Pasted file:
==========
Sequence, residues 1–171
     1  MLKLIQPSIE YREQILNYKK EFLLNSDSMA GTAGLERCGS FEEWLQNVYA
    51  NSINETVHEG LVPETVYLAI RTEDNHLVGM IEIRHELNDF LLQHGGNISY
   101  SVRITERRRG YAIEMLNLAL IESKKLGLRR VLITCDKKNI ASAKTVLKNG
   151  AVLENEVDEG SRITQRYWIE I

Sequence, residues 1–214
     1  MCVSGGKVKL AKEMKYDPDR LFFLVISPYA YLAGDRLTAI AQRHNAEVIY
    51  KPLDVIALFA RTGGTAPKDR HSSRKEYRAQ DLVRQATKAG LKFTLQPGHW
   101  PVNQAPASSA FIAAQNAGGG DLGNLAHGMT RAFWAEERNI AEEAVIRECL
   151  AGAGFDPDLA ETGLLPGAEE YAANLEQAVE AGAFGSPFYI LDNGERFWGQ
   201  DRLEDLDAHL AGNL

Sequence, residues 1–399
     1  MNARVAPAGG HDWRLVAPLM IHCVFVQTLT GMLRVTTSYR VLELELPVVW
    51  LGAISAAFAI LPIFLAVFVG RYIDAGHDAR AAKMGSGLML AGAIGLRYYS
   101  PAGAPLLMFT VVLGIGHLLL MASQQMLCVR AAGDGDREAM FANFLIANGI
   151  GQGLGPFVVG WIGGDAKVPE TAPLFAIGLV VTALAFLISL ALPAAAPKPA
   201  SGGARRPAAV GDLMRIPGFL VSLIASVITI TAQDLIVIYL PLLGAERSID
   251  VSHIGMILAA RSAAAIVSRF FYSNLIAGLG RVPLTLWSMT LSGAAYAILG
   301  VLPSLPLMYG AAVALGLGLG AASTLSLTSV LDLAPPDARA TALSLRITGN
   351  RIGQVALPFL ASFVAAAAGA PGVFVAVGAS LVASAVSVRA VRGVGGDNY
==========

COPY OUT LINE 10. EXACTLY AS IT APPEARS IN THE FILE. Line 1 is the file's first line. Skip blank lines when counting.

   151  AGAGFDPDLA ETGLLPGAEE YAANLEQAVE AGAFGSPFYI LDNGERFWGQ